How To View Your Photo Metadata

Learning how to find metadata in a photo file is advantageous for beginner photographers and creators looking for information about the camera settings and the tools used in creating a particular photograph.

Publishers will also read photo metadata for usage rights and to get in contact with the photographer.

Without any additional software, your computer should give you a basic overview of your image’s metadata. We’ll go over how you can access your image’s EXIF data on Windows and OS systems.

Exif Data

Step 2: Once you’re in the file properties, navigate to the “Details” tab.

Here, you can find the metadata automatically written to the image with the option to remove properties and personal information. People may do this before posting an image to a website to protect their privacy.

How To View Your Image Metadata On A Mac

Step 1: Open the image with Preview.

Step 2: Select “Tool” and choose “Show Inspector.” The keyboard shortcut for this step is Command + I, which will open a small “More Info” window.

Step 3: Click the information icon on the menu bar to open the display showing you General, EXIF, IPTC, and TIFF information about your image.

How To Add Metadata To Photos

Now that you know where to find your image’s metadata, we’ll review how you can edit these fields to remove information or add information relevant to your work.

The easiest workflow for editing your photo metadata is in your photo editing software like Adobe Photoshop or Illustrator. Adobe has created multiple tools that allow you to create metadata presets for an efficient workflow to improve your collection organization and apply your creator information, which is important if you plan to sell your photographs.

How To Edit Your Metadata In Adobe Lightroom

In Lightroom, adding metadata to your photos is simple. We’ll discuss two ways of adding metadata in your workflow.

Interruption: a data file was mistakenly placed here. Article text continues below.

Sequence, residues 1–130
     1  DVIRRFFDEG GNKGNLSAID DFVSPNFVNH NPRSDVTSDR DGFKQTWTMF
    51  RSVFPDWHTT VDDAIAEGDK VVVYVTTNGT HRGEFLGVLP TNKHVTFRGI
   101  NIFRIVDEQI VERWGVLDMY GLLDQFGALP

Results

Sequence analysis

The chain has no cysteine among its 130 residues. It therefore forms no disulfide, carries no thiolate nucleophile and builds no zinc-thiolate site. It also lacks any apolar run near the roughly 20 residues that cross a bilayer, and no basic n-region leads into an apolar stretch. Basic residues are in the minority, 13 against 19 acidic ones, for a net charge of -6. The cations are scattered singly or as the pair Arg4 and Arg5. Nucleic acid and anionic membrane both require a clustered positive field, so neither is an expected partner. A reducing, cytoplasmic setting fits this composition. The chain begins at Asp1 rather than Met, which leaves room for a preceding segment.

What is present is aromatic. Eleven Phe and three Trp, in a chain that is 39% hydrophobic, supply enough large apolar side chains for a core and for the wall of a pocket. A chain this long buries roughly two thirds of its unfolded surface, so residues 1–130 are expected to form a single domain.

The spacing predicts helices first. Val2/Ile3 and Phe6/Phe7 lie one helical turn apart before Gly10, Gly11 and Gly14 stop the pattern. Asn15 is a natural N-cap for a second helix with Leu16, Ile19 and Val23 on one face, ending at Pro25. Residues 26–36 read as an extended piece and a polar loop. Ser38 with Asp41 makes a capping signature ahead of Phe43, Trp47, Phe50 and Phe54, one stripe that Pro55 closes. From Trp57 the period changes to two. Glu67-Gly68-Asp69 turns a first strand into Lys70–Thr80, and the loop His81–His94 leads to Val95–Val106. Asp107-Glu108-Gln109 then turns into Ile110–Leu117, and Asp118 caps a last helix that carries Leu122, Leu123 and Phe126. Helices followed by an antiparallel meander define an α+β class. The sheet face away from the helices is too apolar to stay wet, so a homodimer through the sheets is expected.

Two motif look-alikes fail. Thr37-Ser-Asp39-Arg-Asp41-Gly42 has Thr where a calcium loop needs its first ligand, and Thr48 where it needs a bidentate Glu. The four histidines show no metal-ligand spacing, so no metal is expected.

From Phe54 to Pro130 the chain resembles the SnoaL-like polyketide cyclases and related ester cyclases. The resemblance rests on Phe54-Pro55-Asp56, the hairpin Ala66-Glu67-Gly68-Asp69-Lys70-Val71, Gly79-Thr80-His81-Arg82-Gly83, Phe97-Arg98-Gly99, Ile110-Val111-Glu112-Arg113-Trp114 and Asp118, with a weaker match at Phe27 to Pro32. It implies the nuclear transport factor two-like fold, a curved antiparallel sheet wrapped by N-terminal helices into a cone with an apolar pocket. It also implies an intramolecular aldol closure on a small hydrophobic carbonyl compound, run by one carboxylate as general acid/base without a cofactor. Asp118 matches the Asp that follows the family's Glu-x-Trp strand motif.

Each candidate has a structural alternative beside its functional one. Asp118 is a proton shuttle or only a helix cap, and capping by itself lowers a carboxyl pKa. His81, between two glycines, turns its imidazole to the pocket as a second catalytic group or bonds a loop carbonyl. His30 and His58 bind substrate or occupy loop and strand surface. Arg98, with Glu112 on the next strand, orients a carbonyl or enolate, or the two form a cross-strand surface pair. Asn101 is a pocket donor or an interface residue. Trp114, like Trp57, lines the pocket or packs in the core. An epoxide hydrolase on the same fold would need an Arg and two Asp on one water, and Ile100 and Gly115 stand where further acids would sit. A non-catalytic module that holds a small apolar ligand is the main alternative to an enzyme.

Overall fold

On the import screen, when you’re selecting the images from your device to add to your Lightroom library, navigate to the right-hand menu bar and select “Apply During Import.”

Select the dropdown box for metadata, where you’ll find options to select “New” or “Edit Presets.”

Doing this step during import applies a general set of metadata to your images selected, but we recommend jumping to each individual image to add more detailed information to each image. As more descriptive metadata changes depending on the content of the image.


This will open up a window that will allow you to create a metadata template which you can apply to all your imported images.

Some information you might want to apply to all your images includes your IPTC Copyright and Creator Information.

IPTC Copyright Information

Once you share your image online, there’s virtually no way to know how others will use your image. Adding copyright information to your work helps protect your image.

Sometimes professional photographers don’t own the final image, in which case you’ll need to address who owns the image—be sure to specify if you’re an independent contractor, agency, or a staff photographer working for a media company.

The owner of an image can license their work, which means specifying who can use the image. You can add the default phrase, “All rights reserved,” to indicate that no one can reproduce, distribute, or adapt any part of your work without your permission.

ITPC Creator Information

If you’re working with a media company, they may instruct you on the IPTC information you need to fill out according to their guidelines. This section is basically a calling card for your photography services.